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appyleague.com | The Official Site of the Appalachian League

Welcome to the Appalachian League Hall of Fame

The purpose of the Appalachian League Hall of Fame is to recognize individuals for their accomplishments and/or contributions to the League on the field of play or in an executive or an administrative capacity. This shall include but not necessarily be limited to: players, managers, coaches, umpires, and team and league executives. Entry into the Appalachian League Hall of Fame shall be made available to anyone previously or currently associated with the league regardless of the duration of the association, beginning with the 1957 season.

Players must be retired from active roster status from all classifications of professional baseball for a minimum of two full seasons before becoming eligible. All non-playing candidates are eligible at any time.

The primary, but not exclusive, consideration for nominating, selecting, or voting individuals to the Appalachian League Hall of Fame shall be their accomplishments and/or contributions to the League. The totality of an individual's career in whatever capacity may be taken into consideration.

Creation of the Appalachian League Hall of Fame will be a phased process. The first Appalachian League Hall of Fame class (June 2019) will encompass those individuals that have already been inducted into the National Baseball Hall of Fame in Cooperstown. Special Fall 2019 inductions will be conducted by unique procedures prior to beginning Annual (2020) inductions which will follow uniform procedures.

Hall of Fame plaques shown here are shared with permission from the National Baseball Hall of Fame. 

Inaugural Class

In 1984, Greg Maddux began his professional baseball career in the Appalachian League with the Pikeville Cubs. In 14 games with Pikeville, Maddux went 6-2, with a 2.63 ERA, and struck out 62 batters. Maddux finished his career with 3,371 strikeouts, and won four Cy Young Awards and 18 Gold Gloves. Maddux also made eight All-Star appearances. He was inducted into the National Baseball Hall of Fame in 2014. Click on the image for more details on Greg Maddux.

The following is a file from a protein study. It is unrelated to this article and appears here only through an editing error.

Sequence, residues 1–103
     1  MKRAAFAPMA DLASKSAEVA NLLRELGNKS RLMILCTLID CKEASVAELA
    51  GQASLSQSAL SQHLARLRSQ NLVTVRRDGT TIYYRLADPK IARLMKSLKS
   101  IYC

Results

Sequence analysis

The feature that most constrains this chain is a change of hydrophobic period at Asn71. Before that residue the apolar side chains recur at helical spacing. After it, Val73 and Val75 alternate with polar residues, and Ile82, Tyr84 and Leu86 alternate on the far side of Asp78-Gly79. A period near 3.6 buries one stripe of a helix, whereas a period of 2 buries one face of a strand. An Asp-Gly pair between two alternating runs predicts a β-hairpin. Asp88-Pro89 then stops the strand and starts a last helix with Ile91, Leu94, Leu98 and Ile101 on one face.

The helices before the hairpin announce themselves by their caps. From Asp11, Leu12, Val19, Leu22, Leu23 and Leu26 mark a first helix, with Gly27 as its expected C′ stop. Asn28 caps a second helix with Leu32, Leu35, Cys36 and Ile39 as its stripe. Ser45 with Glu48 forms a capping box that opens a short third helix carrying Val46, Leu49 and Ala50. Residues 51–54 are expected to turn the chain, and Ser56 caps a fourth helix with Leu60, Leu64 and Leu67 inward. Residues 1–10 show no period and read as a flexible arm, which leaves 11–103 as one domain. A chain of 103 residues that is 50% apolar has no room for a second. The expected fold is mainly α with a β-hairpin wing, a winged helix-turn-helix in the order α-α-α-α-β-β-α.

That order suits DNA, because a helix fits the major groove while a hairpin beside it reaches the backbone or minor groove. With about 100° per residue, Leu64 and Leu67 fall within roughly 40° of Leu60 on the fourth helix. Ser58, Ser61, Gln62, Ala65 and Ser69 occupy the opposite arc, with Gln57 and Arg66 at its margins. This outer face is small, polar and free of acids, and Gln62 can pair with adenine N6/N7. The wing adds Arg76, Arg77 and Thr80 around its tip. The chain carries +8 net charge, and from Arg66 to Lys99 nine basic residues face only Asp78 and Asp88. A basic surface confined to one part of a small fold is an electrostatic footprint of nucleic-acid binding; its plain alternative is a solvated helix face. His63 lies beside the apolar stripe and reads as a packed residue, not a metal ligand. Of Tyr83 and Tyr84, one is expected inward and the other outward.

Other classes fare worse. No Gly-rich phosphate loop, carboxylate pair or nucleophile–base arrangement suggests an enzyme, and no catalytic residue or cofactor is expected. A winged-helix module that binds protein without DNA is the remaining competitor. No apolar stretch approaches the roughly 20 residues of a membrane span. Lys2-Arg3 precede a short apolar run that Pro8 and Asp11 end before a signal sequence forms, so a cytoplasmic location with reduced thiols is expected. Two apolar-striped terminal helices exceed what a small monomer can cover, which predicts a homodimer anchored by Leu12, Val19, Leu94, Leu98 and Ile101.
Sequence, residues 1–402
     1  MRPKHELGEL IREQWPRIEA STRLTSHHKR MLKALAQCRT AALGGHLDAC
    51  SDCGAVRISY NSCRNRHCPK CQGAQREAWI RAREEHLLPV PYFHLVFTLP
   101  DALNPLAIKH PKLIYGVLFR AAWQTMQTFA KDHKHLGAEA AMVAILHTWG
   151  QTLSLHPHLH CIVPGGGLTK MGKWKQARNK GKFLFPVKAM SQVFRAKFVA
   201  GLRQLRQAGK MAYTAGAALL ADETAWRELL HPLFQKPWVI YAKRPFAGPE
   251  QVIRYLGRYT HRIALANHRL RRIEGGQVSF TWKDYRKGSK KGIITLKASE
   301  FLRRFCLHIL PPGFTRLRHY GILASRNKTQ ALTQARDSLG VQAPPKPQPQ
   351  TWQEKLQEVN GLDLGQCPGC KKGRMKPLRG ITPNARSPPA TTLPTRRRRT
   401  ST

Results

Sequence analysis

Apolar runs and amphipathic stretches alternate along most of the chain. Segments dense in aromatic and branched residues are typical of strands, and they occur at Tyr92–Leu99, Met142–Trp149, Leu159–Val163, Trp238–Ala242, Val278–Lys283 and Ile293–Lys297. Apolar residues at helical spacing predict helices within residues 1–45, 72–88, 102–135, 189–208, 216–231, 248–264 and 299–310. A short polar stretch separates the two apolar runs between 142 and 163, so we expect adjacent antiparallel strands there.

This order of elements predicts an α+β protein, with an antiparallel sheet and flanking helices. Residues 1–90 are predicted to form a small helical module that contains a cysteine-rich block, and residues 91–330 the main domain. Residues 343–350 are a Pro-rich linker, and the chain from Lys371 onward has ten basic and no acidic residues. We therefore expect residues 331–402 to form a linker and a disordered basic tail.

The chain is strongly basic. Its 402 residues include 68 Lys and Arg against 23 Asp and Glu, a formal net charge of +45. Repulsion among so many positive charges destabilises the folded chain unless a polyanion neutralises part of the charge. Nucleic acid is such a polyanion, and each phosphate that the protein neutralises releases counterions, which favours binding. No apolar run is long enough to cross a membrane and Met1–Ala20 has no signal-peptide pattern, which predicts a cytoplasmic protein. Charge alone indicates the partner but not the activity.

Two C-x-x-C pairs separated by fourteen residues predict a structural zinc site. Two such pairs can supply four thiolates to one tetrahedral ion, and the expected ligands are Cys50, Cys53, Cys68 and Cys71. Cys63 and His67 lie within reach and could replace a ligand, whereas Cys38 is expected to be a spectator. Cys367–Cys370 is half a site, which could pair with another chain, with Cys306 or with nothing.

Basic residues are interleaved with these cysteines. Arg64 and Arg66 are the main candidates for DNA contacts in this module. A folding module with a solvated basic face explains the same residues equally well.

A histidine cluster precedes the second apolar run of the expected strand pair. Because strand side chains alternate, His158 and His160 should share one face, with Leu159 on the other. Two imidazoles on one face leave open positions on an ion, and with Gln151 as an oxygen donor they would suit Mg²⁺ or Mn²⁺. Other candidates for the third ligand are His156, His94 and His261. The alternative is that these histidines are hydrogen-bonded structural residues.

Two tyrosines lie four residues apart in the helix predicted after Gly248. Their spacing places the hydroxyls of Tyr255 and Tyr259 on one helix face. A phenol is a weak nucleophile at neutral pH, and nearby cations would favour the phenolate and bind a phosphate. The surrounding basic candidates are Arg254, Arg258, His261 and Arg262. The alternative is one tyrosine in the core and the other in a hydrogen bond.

Eddie Murray began his baseball career in 1973 in the Appalachian League with the Bluefield Orioles. In 50 games with Bluefield, Murray hit .287 with 11 HRs and 32 RBI. During his career, Murray made eight All-Star appearances, hit more than 500 HRs, and had more than 3,000 hits. He was inducted into the National Baseball Hall of Fame in 2003. Click on the image for more details on Eddie Murray.

Kirby Puckett began his Hall of Fame career in 1982 in the Appalachian League with the Elizabethton Twins. In 65 games with Elizabethton, Puckett hit .382 with 35 RBIs and 43 stolen bases. Puckett was a 10-time All-Star, and won six Gold Glove Awards and six Silver Slugger Awards. Puckett won two World series titles with Minnesota in 1987 and 1991. He was inducted into the National Baseball Hall of Fame in 2001. Click on image for more details on Kirby Puckett.

Cal Ripken Jr. began his professional baseball career in the Appalachian League in 1978 with the Bluefield Orioles. Ripken hit .264 with Bluefield and collected 24 RBI. Ripken became famous for setting the all-time consecutive games played record at 2,632 straight games. Ripken made 19 MLB All-Star appearances, won eight Silver Slugger Awards, and won two AL MVP awards. He was inducted into the National Baseball Hall of Fame in 2007. Click on image for more Cal Ripken Jr. details.

Nolan Ryan began his baseball career in 1965 in the Appalachian League as a member of the Marion Mets. In 13 games with Marion, Ryan won three games and recorded 115 strikeouts. Nolan Ryan finished his career with more than 5700 strikeouts, appeared in eight All-Star games, and threw seven no-hitters. He was inducted into the National Baseball Hall of Fame in 1999. Click on image for more Nolan Ryan details.

Jim Thome came to the Appalachian League in 1990 when he became a member of the Burlington Indians. With Burlington, Thome hit .373, with 12 HRs and collected 34 RBI. In his Major League career Thome hit more than 600 HRs, made five All-Star appearances, and won a Silver Slugger award. He was inducted into the National Baseball Hall of Fame in 2018. Click on image for more Jim Thome details.

Alan Trammell began his professional baseball career in 1976 in the Appalachian League with the Bristol Tigers. In 41 games with Bristol, Trammell hit .271, recorded 38 hits, and drew 26 walks at the plate. Trammell made six MLB All-Star appearances and won four Gold Gloves and three Silver Slugger awards. Trammell was named World Series MVP in 1984. He was inducted into the National Baseball Hall of Fame in 2018. Click on image for more Alan Trammell details.